CPS operator defends decision on Seth Ireland
FRESNO, Calif. (KFSN) -- A call from the Fresno County jail may have been the last chance to save 10-year-old Seth Ireland. And Tuesday, a CPS worker defends her judgment that Seth wasn't in danger when she took the call.
Seth Ireland was beaten to death by his mother's boyfriend four years ago. His father is now suing the county over what he believes were missed opportunities to protect his son.
A sheriff's deputy made that call to CPS three days before the beating that killed Seth Ireland. Rena Ireland and her boyfriend were trying to leave Seth and his half-brother at the jail. But the call taker decided CPS didn't need to take any action.
Seth Ireland's history with Child Protective Services dates back at least four months before his death -- to August 2008. A neighbor, a principal, and a nurse all believed they contacted CPS and the agency had two open referrals when a sheriff's deputy made the last call before the deadly beating that killed Seth. His mother and her boyfriend, Lebaron Vaughn, were trying to leave the 10-year-old and his half-brother at the jail. But Traci Morales filed the call as an "EVAL OUT" -- meaning no further investigation was necessary.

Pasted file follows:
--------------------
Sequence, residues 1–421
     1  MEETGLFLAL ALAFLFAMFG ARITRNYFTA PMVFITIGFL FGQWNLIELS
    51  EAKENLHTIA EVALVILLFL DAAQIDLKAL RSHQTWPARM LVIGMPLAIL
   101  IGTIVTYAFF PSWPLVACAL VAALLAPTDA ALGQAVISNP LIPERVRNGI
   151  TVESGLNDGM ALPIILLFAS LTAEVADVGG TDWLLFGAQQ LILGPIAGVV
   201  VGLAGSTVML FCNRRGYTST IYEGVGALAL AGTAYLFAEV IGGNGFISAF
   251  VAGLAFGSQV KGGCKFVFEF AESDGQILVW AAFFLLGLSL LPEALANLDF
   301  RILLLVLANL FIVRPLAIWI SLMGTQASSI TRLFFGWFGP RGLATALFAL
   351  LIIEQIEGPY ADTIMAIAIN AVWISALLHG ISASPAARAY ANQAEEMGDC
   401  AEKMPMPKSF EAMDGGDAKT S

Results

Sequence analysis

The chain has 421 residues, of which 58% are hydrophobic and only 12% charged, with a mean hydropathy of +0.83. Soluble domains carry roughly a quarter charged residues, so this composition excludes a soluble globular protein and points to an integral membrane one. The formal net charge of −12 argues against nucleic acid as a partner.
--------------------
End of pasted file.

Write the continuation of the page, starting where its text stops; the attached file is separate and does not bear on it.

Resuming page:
"Did that not cause you concern that for four months, there's ongoing complaints from various individuals about abuse and now the mother and boyfriend are dropping the children off at the sheriff's department the day after Christmas? Did you consider that when you did the 'EVAL OUT'?" asked Warren Paboojian, the attorney representing Seth's father, Joe Hudson.
"I provided the information to the deputy about the referrals," said CPS worker Traci Morales.
Morales says she believed the sheriff's deputy did all the necessary investigating before releasing the boys back to their mother. Three days later, Vaughn killed Seth.
Seth's father is suing CPS, claiming the agency ignored warning signs and allowed the murder to happen. His attorney outlined what he believes were missed opportunities and kept coming back to that night at the jail.
"But when you were evaluating this case to determine there was not going to be a further investigation, did you consider that past history?" Paboojian asked Morales.
"Yes," she said.
"And you still felt it didn't warrant CPS to go out there that night, on Dec. 26, to take a look at these kids?" Paboojian asked.
"Yes," Morales said.
Fresno County contends CPS followed procedures and agents did everything they were supposed to do in response to the calls on Seth and Jervon Ireland. And Morales specified that the deputy who called her was not reporting abuse or neglect at that time.
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